To the commenters, what about women who use porn made for women? For some it can help them understand how their bodies work. Even today, many women don’t understand how their bodies work or how to communicate their needs to their partner. Of course much porn is centered around a man’s penis and male fantasy which is not very realistic. Most important is the ability to continue the conversation with your partner as your relationship and body goes through changes over the course of your relationship.

  • Dr. Jan

    Dr. Jan

    June 12th, 2015 at 6:37 PM

    I constantly deal with the effects of what I term the pornification of the culture. As pornography has moved to the Internet, it has become increasingly dehumanizing and violent. There are many peer reviewed journals that document that college age males who frequently consume pornography are less likely to interfere when they see a female getting assaulted on campus. To state that some people are not exploited in porn discounts all those who are. The average life expectancy of female sex workers is age 50 yet the objectified person is rarely considered by those who advocate porn as a harmless sexual pursuit. Almost every porn film includes a man ejaculating on a woman’s face and aggression. There are many films made by sex therapists to enhance romance and develop sexual arousal but these do not objectify women. Each person must examine their conscience but to me sexuality without soul and spirituality is not sexuality it is something else. Sex has now become like fast food and we wonder why people are enjoying it less but consuming it more. We have lost courtship rituals and many young women do not even know what a date is… I believe we are losing something valuable and that learning about sex education through pornography is damaging to both men and women.

  • LSmith

    LSmith

    June 12th, 2015 at 7:12 PM

    Thank you for finally being one to provide a balanced view on this topic!! I’m so tired of blame being put on “things” and the gross over-simplification of deeper issues such as intimacy and trust.

  • Mayling S

    Mayling S

    June 12th, 2015 at 7:25 PM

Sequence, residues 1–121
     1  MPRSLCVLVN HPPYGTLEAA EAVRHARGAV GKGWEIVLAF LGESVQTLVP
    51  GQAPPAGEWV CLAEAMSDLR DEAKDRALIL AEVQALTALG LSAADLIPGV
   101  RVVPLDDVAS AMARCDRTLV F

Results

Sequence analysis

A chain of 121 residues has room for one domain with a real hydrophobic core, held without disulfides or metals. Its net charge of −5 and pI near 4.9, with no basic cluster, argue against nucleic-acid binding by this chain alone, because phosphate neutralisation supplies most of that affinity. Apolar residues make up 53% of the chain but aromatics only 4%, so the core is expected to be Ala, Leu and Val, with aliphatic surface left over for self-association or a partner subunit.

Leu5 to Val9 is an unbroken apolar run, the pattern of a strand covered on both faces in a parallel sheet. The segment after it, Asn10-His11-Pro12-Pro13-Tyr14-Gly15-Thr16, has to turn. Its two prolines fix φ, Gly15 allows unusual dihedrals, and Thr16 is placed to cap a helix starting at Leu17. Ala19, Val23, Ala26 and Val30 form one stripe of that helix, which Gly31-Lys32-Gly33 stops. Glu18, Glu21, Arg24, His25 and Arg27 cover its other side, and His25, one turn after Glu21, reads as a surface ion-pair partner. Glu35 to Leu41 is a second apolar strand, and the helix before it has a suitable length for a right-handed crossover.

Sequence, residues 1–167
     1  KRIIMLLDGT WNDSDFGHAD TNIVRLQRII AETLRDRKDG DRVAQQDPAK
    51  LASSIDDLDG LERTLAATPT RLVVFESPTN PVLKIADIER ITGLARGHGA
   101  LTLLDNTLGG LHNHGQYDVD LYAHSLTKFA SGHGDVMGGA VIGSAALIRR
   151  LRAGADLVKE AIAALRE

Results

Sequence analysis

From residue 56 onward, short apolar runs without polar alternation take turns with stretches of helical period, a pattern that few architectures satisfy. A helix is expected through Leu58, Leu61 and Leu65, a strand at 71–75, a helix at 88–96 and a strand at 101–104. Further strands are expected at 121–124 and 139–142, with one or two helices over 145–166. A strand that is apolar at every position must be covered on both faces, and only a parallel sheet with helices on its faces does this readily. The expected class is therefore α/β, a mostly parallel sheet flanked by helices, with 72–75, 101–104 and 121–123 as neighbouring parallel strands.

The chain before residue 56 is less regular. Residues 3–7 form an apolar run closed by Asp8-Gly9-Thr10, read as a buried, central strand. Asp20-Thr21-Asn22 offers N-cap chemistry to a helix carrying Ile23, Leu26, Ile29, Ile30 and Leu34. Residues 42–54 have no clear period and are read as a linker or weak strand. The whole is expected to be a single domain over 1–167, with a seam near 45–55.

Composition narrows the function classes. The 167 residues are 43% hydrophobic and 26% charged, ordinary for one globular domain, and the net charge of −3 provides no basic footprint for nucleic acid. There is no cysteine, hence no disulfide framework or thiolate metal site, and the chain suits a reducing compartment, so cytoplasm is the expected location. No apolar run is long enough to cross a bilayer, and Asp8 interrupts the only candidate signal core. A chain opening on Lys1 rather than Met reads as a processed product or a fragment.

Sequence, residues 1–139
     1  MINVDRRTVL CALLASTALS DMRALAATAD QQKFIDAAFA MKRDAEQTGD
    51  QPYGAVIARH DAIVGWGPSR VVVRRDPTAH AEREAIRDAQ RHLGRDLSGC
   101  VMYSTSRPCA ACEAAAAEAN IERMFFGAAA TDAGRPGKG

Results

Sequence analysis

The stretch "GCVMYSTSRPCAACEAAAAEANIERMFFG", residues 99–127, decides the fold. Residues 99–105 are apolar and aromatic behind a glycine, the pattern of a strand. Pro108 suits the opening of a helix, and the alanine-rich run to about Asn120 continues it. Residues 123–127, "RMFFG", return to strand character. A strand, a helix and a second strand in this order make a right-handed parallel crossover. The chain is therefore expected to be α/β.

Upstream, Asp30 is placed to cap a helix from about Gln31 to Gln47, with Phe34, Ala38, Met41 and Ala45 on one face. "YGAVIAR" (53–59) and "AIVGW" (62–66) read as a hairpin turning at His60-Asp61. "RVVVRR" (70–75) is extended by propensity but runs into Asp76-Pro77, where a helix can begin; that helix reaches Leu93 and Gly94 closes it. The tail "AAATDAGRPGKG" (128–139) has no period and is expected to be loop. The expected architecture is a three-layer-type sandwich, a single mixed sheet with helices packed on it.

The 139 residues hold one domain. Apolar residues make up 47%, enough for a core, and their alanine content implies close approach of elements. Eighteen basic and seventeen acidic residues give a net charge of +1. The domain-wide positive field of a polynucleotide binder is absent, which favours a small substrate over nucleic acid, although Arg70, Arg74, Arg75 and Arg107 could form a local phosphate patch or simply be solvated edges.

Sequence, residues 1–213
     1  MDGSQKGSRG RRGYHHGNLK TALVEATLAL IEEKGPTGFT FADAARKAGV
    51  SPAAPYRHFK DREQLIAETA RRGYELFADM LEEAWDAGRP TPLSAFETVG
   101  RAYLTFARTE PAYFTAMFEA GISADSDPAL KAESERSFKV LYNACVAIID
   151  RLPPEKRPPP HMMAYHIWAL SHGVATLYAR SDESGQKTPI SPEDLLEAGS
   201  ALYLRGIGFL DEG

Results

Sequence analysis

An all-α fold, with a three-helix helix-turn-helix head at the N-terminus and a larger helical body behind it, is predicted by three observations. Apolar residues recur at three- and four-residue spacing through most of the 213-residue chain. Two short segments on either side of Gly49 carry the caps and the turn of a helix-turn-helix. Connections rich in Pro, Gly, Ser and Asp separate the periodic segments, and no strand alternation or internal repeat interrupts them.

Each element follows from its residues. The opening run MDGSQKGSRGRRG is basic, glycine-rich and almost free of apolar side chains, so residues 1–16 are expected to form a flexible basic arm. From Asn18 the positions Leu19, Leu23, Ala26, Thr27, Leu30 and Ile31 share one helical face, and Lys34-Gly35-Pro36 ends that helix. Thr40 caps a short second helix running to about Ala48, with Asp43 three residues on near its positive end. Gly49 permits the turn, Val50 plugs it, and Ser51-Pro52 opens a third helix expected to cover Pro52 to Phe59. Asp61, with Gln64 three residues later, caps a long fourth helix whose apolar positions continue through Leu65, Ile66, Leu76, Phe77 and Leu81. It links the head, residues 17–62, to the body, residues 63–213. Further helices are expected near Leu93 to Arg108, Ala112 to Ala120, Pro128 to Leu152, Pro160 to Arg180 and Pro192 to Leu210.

As a person who lost her husband and marriage to porn, I can find NO redeming value to this disgusting industry.

  • Cevista

    Cevista

    June 14th, 2015 at 5:36 AM

    Thank you Dr Jan! You make absolute sense to me! I don’t want to have to look or behave like a porn start to attract or keep my man. I want him to love me for me and not for some vision that he thinks a woman should look like or act like.

  • Jose

    Jose

    June 15th, 2015 at 9:24 AM

    My wife would laugh me out of the house if I came home saying that we needed to watch “ethical “porn together!

  • Don

    Don

    June 15th, 2015 at 5:10 PM

    If you are looking for a way to spice up the relationship, then this is something that the two of you can do together and you will get something from it that you might not be able to otherwise.

    It can seem a little weird at first mainly because I was used to watching alone and definitely not with my wife. She approached me and said that she thought it would be fun so we did it.

    And you know what? Our relationship together has never been hotter.

  • mabel

    mabel

    June 16th, 2015 at 3:37 PM

    I have always tried to be pretty open minded about things, but I guess I just have too many insecurities of my own and about myself to ever allow this to be a part of my marriage. I know that there are some couples who are strong enough to do it. I don’t think that I am that woman though. I think that if my husband wants to watch porn, then that is something that I will need for him to do alone. I think that if I did I would never feel like I measured up to those porn standards, and would never look like those women, so why would he ever want me over them?
    There are just somethings that I don’t think that I need or want to know about.

  • Thom

    Thom

    June 17th, 2015 at 8:15 AM

    How is watching porn considered low risk?
    This is something that can be highly addictive and can tear families apart.
    Sounds like it is a pretty high risk thing to me.

  • Jessica

    Jessica

    January 29th, 2016 at 2:58 AM

    Thank you for presenting both sides of this topic and not focusing solely on one like many other articles do. In my opinion, everything which people indulge in might be dehumanizing and deconstructing, the same applies to porn. Even though it can to some degree “educate” people, it usually concentrates only on men and their satisfaction. I recently read a book which argued that the majority of the pornographic clips represent men overpowering women and thus, proving their manhood. This often leads to increased domestic violence of which usually women suffer the most. In fact, I recently came across a site where I saw that many women are worried about men watching too much porn. In addition, many women admit that their partners are trying to copy what they’ve seen because it is accepted as “manly”. Therefore, I believe that men and women should not indulge in watching too much porn since it can influence negatively their behavior.

Leave a Comment

By commenting you acknowledge acceptance of GoodTherapy.org's Terms and Conditions of Use.

* Indicates required field.

GoodTherapy uses cookies to personalize content and ads to provide better services for our users and to analyze our traffic. By continuing to use this site you consent to our cookies.